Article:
Border Protection, Antiterrorism, and Illegal Immigration Control Act of 2005

By:  Charlie Bass
Date: Dec. 16, 2005
Location: Washington, DC


BORDER PROTECTION, ANTITERRORISM, AND ILLEGAL IMMIGRATION CONTROL ACT OF 2005 -- (House of Representatives - December 16, 2005)

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AMENDMENT NO. 8 OFFERED BY MS. VELÁZQUEZ

Ms. VELÁZQUEZ. Mr. Chairman, I offer an amendment.

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Mr. BASS. Mr. Chairman, I rise in support of the amendment.

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I stand today in strong support of the Norwood Amendment, which will provide State and local law enforcement the necessary authority, resources, and intelligence needed to apprehend and detain illegal aliens that they encounter during their routine duties. The President in his recent comprehensive immigration strategy has called for an elimination of ``catch-and-release'' at our national border and it essential that this is expanded to include incidents within the interior of the country.

Over 400,000 alien absconders and more than 85,000 criminal illegal aliens are in our country. Tragically, many of these criminal aliens remain loose within our borders and continue to commit violent crimes in our neighborhoods, such as Eduardo Campos Rodriquez, an illegal immigrant wanted for four counts of murder and two counts of attempted murder. We can not allow cases like this to continue to threaten the safety of our citizens in their communities.

Illegal immigration is a national problem--not one only occurring in the communities along the southern border. Throughout the country, State and local law enforcement are confronted with this problem everyday from large urban cities to the smallest and most rural communities. Unfortunately, our State and local law enforcement officers lack the critical information, necessary resources, and clear authority to detain and process these individuals. Recently, my district has been in the national spotlight concerning the various strategies that local and State law enforcement are attempting to use to address their illegal immigration problem in the absence of federal guidance. Recent incidents in New Ipswich, New Hampshire and Hudson, New Hampshire forced police officers to release illegal aliens whom they had detained during the course of their normal duties due to a lack of assistance from Immigration and Customs Enforcement officials. In response to having to repeatedly release illegal aliens, the towns' law enforcement officers attempted to apply New Hampshire trespassing laws to these illegal aliens, so they would have the authority to detain the individuals for a longer period of time in hopes that ICE would then be able to take custody. Even though this strategy has not held up in the courts, it illustrates the need for this essential amendment to give law enforcement the authority, resources, and intelligence to respond to the unique challenges presented by illegal aliens. It is important to point out these incidents happen in relatively small communities--the town of Hudson with a population of 24,000 and the town of New Ipswich with a population of 5,000.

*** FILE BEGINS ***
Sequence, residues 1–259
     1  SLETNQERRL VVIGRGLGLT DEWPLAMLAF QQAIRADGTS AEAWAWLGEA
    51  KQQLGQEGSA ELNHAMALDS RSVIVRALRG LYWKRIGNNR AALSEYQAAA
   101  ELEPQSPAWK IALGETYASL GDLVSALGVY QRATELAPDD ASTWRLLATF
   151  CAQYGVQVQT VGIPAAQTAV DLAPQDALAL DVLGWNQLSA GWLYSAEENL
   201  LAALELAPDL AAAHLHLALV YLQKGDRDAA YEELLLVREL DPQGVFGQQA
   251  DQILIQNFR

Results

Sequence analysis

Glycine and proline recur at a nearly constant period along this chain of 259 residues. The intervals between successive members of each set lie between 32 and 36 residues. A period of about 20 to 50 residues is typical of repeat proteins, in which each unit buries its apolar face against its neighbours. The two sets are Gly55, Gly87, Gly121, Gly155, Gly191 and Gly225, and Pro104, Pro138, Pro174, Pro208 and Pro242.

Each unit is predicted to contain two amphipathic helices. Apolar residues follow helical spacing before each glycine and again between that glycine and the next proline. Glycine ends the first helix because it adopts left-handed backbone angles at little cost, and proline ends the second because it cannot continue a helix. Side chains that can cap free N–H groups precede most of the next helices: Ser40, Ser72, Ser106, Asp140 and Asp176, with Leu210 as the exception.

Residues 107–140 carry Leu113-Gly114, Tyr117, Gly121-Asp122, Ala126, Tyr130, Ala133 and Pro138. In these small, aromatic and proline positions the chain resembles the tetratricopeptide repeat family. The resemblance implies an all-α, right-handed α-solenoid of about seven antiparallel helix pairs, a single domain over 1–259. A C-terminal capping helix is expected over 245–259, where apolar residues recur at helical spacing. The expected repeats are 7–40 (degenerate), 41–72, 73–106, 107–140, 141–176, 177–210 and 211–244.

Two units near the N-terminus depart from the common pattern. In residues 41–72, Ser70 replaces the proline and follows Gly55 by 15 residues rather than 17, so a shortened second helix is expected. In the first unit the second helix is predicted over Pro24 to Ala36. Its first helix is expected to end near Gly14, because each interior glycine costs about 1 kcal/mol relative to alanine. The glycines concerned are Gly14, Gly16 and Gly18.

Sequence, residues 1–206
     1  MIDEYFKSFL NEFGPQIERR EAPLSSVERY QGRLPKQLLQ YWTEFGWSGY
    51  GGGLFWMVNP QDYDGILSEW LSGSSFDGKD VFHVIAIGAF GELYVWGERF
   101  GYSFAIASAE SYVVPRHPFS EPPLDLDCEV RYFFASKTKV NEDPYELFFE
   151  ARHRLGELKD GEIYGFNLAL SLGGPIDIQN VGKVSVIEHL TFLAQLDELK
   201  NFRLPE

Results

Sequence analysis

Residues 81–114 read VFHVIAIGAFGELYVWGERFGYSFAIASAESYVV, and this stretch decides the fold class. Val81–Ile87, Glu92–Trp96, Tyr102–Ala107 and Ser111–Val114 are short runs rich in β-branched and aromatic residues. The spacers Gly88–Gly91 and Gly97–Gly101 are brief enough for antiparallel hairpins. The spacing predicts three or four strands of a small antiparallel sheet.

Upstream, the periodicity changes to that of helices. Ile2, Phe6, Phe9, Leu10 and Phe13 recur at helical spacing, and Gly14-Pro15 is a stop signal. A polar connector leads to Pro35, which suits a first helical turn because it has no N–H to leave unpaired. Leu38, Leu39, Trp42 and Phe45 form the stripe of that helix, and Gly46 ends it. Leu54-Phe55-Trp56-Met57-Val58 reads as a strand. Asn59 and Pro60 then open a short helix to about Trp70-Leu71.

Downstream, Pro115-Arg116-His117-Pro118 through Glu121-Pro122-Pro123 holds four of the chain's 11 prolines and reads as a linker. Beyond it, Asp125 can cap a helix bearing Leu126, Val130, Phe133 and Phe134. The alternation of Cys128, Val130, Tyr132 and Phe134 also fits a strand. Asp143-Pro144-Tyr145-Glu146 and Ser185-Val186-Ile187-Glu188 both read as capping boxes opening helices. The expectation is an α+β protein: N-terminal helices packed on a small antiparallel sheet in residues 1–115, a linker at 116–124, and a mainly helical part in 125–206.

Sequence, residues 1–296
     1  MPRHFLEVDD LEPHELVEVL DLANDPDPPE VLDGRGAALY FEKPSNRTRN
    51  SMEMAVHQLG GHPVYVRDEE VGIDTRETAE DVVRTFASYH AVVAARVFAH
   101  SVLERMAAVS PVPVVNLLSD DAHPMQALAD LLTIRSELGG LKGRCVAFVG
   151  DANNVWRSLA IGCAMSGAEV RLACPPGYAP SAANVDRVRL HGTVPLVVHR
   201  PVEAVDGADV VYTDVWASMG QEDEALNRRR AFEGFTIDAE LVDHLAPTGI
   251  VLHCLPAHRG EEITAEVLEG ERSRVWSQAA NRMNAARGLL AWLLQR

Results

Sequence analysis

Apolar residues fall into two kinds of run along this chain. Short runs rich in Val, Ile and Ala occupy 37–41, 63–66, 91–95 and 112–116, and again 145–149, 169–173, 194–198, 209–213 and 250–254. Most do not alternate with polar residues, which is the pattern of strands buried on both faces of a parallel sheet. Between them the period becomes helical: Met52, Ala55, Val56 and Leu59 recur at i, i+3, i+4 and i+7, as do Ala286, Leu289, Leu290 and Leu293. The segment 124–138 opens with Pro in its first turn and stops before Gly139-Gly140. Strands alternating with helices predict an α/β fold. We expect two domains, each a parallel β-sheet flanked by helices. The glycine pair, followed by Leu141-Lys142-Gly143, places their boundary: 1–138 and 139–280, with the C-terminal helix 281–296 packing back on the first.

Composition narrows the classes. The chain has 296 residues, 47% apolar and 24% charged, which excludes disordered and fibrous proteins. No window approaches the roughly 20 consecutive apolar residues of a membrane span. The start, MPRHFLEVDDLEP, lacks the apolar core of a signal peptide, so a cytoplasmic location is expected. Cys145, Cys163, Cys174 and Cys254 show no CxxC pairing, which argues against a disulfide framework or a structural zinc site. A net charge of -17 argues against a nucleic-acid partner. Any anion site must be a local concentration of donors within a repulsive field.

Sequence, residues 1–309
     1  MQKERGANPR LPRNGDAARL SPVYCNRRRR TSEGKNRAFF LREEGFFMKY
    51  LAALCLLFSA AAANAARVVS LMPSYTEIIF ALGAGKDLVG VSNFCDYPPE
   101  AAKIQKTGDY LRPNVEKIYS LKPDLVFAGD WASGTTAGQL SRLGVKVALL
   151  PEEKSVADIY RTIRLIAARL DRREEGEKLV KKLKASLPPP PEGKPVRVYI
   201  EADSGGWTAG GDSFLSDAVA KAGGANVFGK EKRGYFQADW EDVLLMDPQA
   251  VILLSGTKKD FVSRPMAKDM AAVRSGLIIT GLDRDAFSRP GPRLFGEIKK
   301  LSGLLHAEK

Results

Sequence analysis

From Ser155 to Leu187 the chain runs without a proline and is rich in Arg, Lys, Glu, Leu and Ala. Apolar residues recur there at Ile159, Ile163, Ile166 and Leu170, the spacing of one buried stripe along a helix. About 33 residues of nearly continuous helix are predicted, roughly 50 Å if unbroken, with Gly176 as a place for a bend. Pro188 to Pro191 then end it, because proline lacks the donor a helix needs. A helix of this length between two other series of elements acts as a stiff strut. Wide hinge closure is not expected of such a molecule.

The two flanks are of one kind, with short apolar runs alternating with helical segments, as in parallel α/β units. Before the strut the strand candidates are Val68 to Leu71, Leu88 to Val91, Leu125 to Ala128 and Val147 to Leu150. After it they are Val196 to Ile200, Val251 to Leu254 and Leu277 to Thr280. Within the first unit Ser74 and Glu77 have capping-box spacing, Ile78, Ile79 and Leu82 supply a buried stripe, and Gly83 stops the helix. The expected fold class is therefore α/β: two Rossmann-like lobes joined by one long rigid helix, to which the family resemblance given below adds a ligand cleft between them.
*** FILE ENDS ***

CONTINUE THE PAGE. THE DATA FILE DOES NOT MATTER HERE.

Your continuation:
Overall, State and local law enforcement are looking to Congress to provide them with the vital resources, information and authority to address this serious security concern. I strongly believe that the nation's security must remain our highest priority, and local involvement in security solutions is critical to achieving this goal. Therefore, I urge my colleagues to vote ``yes'' on the Norwood amendment.

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